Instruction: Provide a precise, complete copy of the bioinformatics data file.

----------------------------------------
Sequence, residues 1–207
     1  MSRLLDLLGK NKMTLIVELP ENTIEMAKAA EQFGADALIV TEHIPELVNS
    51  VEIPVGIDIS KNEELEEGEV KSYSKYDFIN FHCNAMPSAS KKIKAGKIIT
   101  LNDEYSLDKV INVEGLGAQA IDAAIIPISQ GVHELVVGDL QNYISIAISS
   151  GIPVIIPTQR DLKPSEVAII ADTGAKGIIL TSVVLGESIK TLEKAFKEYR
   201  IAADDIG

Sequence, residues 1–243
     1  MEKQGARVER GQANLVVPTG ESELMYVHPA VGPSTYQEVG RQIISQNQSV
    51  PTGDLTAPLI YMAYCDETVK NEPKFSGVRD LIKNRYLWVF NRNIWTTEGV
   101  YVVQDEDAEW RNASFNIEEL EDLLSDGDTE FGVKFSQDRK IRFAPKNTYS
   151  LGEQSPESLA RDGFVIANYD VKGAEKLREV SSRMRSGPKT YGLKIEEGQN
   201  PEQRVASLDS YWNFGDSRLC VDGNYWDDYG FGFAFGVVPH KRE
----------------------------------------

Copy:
Sequence, residues 1–207
     1  MSRLLDLLGK NKMTLIVELP ENTIEMAKAA EQFGADALIV TEHIPELVNS
    51  VEIPVGIDIS KNEELEEGEV KSYSKYDFIN FHCNAMPSAS KKIKAGKIIT
   101  LNDEYSLDKV INVEGLGAQA IDAAIIPISQ GVHELVVGDL QNYISIAISS
   151  GIPVIIPTQR DLKPSEVAII ADTGAKGIIL TSVVLGESIK TLEKAFKEYR
   201  IAADDIG

Sequence, residues 1–243
     1  MEKQGARVER GQANLVVPTG ESELMYVHPA VGPSTYQEVG RQIISQNQSV
    51  PTGDLTAPLI YMAYCDETVK NEPKFSGVRD LIKNRYLWVF NRNIWTTEGV
   101  YVVQDEDAEW RNASFNIEEL EDLLSDGDTE FGVKFSQDRK IRFAPKNTYS
   151  LGEQSPESLA RDGFVIANYD VKGAEKLREV SSRMRSGPKT YGLKIEEGQN
   201  PEQRVASLDS YWNFGDSRLC VDGNYWDDYG FGFAFGVVPH KRE